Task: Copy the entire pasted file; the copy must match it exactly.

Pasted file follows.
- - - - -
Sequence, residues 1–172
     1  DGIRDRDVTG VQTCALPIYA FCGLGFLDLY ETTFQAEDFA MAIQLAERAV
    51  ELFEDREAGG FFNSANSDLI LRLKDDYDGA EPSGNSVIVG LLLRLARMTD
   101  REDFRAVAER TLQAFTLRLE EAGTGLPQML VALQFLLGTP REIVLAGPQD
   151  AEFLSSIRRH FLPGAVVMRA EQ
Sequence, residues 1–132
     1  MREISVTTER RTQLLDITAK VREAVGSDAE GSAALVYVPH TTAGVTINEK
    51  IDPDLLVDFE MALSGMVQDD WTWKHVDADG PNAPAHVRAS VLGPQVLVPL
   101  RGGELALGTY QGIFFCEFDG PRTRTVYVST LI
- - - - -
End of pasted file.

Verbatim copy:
Sequence, residues 1–172
     1  DGIRDRDVTG VQTCALPIYA FCGLGFLDLY ETTFQAEDFA MAIQLAERAV
    51  ELFEDREAGG FFNSANSDLI LRLKDDYDGA EPSGNSVIVG LLLRLARMTD
   101  REDFRAVAER TLQAFTLRLE EAGTGLPQML VALQFLLGTP REIVLAGPQD
   151  AEFLSSIRRH FLPGAVVMRA EQ
Sequence, residues 1–132
     1  MREISVTTER RTQLLDITAK VREAVGSDAE GSAALVYVPH TTAGVTINEK
    51  IDPDLLVDFE MALSGMVQDD WTWKHVDADG PNAPAHVRAS VLGPQVLVPL
   101  RGGELALGTY QGIFFCEFDG PRTRTVYVST LI